CENTENNIAL, Colo.-Proper expectations are great.
Expectations are what fuels fandom, drives desire, creates competition. Expectations are what new Colorado Avalanche head coach Jared Bednar is instilling in his new organization.
From top to bottom, the man has a program and the players in both Colorado and with the San Antonio Rampage will be expected to go with it. It will shape how they practice, how they play, how they conduct themselves and how they will perform.
"I think every year, you start and teach the details of your system. It's what your expectations are for all parts of your system and the way you want to play," Bednar said after skating concluded on Thursday. "When the details are right-and you keep hammering them home and reviewing them through training camp, through the first month of the year, the second month-you become better and better at them because it just becomes second nature.
"You don't assume that they know. You start and you teach all the details because then you can move past some of them, and then the evolution of your system begins."
Video: Coach Bednar after the first day of training camp
Expectations for this club started long before the first day of Avs Training Camp and will continue until they become second nature for the players, shaping the team.
"It's about the process for me. So the way that we come to work every day, our attention to detail, our compete level, our work ethic; those are the things I'm focusing on: our daily habits," said Bednar. "The expectations and where we fall after that, that's all the results, and we're going to work on the process, especially early on in the season-be the best version of ourselves and see where it takes us."
Day one of the on-ice sessions was as much a learning experience as it was a practice. Players have new systems and new faces to adjust to.
"[We're] just scratching the surface. I thought we worked hard. Everything is new to them right now, the systems, all the little details. So they're thinking a little bit," Bednar said. "As we get going, we'll get faster and faster. The execution, when it's good it allows you to play fast, but I thought our guys were responding real well. They were heading to the right areas of the ice the way we want them to. Getting faster and faster, that will be a year-long process to get to where we want to be."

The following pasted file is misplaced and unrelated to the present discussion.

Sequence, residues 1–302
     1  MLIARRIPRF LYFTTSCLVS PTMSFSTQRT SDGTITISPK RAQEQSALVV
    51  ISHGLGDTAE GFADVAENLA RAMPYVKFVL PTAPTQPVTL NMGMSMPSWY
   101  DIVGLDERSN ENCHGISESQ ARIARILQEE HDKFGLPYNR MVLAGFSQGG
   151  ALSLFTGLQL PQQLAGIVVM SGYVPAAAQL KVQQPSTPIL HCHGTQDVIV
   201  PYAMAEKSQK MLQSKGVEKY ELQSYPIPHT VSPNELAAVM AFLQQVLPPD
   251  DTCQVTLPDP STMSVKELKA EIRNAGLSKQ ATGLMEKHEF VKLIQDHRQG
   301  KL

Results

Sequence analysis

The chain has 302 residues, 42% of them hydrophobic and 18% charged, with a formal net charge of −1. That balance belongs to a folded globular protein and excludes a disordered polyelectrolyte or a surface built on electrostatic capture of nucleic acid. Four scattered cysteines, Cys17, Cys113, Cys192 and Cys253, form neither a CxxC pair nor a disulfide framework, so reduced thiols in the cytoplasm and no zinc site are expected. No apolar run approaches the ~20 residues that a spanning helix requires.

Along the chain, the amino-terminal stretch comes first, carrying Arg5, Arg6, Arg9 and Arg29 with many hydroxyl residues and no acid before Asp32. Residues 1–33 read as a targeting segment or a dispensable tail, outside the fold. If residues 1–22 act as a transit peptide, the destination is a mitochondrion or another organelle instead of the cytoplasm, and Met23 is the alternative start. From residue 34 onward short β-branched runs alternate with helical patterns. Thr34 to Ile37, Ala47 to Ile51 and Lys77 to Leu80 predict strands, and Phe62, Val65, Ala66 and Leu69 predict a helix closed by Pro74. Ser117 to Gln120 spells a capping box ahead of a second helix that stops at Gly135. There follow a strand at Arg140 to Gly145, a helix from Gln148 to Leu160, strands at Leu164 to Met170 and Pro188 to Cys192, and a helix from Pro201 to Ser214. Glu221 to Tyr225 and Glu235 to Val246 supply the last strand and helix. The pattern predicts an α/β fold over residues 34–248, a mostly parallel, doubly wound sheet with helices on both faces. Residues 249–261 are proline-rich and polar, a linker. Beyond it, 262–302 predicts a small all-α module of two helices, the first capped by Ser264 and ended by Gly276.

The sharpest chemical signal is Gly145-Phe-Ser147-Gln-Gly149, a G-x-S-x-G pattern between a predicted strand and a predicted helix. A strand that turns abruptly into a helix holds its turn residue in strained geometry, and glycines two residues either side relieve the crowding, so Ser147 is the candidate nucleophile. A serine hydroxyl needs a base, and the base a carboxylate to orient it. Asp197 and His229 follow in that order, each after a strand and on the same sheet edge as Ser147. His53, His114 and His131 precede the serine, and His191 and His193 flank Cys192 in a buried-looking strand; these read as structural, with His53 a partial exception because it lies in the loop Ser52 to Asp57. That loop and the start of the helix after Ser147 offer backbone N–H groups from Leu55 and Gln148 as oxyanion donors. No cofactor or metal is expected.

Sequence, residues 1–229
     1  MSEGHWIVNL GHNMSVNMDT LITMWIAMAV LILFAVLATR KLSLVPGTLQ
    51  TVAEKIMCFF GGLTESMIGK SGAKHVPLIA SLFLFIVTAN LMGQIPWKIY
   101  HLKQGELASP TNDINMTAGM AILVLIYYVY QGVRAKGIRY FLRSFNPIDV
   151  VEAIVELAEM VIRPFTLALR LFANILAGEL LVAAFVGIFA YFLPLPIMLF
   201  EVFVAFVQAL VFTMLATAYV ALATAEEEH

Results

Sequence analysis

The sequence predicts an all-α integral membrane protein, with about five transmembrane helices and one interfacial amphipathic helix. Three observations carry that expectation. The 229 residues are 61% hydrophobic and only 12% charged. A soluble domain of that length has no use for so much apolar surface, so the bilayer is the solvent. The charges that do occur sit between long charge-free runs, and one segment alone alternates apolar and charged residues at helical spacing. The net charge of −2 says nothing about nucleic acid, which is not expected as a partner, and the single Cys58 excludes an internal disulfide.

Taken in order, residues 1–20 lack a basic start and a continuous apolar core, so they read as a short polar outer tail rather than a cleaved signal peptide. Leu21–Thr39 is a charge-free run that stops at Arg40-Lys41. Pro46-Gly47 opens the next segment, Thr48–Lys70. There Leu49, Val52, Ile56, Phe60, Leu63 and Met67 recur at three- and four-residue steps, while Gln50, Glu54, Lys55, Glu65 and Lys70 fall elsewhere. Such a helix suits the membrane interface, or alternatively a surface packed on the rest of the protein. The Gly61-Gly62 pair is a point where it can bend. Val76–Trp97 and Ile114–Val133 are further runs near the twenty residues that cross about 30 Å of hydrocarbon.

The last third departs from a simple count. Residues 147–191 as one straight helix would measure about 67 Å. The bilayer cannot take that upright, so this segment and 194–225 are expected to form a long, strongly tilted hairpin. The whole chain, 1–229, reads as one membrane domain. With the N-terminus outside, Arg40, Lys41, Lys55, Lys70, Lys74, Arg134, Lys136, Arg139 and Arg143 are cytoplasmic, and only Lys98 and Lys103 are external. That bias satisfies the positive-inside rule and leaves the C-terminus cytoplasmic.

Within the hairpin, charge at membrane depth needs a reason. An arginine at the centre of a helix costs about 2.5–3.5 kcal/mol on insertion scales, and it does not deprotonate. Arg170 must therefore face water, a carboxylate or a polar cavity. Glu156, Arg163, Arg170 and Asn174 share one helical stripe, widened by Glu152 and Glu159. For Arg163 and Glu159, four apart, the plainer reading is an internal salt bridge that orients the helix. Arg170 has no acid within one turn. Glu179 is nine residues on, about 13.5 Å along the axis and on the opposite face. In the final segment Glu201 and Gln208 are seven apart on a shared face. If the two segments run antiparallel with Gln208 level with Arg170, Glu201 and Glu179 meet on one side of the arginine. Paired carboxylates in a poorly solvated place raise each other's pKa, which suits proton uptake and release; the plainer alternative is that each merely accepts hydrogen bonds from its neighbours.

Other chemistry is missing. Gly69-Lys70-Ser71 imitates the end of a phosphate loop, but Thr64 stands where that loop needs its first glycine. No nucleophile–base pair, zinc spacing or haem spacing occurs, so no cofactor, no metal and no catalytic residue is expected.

"It's great to get back, get the new system. We've got to get used to it. So far, first day was good. Everybody was learning, and we'll go from there," veteran forward Cody McLeod said. "It was moving the puck quick and lots of support all over the ice. The biggest thing was to get back to our own zone and help the 'D' get the puck out. For the most part, it was really good, really beneficial."
Players itching to get back on the ice were met with a grueling but informative first-day skate that was constructed around the way Bednar wants his squad to play.
"It was good, just a lot of system work to get everyone on the same page and get everyone familiar with what he wants and what he expects," forward Blake Comeau said. "It was high paced, lots of skating so it was a good first day."
Video: Eric Gelinas returns from his season-ending injury
"I think its awesome. Everything is fast paced, on and off the tape and stuff," said defenseman Eric Gelinas. "I think we have the group to kind of do that stuff, and all the forwards are fast and the 'D' are good, puck-moving defensemen. So I think its all going to mesh good together."
Proper expectations are what will bring the Avalanche success this season. That is why Bednar will wait to craft his roster until he knows what he is working with.
"I want to watch these guys in training camp, and then my expectations will [come]. That goes for returning players, new, young guys, guys that were in San Antonio," Bednar said of constructing his lineup. "I'm not locking them into any sort of position or line or how much ice time they're going to get until we get a chance-as our staff, our new staff-to evaluate them and see what they deserve."
That means anything is possible, and every player is going to work his breezers off for a chance to crack the NHL lineup.
"I think it's a little bit of a bonus," defensive prospect Duncan Siemens said. "I've had my struggles in the last few years and things haven't gone quite how I had them planned in my head. We've had a lot of guys come in with a fresh start.
Video: Duncan Siemens on making a good impression
"It allows me to play my game and not worry about anything else."
Competition will be high during the rest of Avalanche Training Camp, in the Burgundy/White Game and even through preseason as players vie for a spot.
"I put in a lot of work this summer," said Comeau. "I feel like most guys nowadays know the importance of coming to camp in shape and being ready to go from the start.
"Everyone knows they have to be ready when they come here."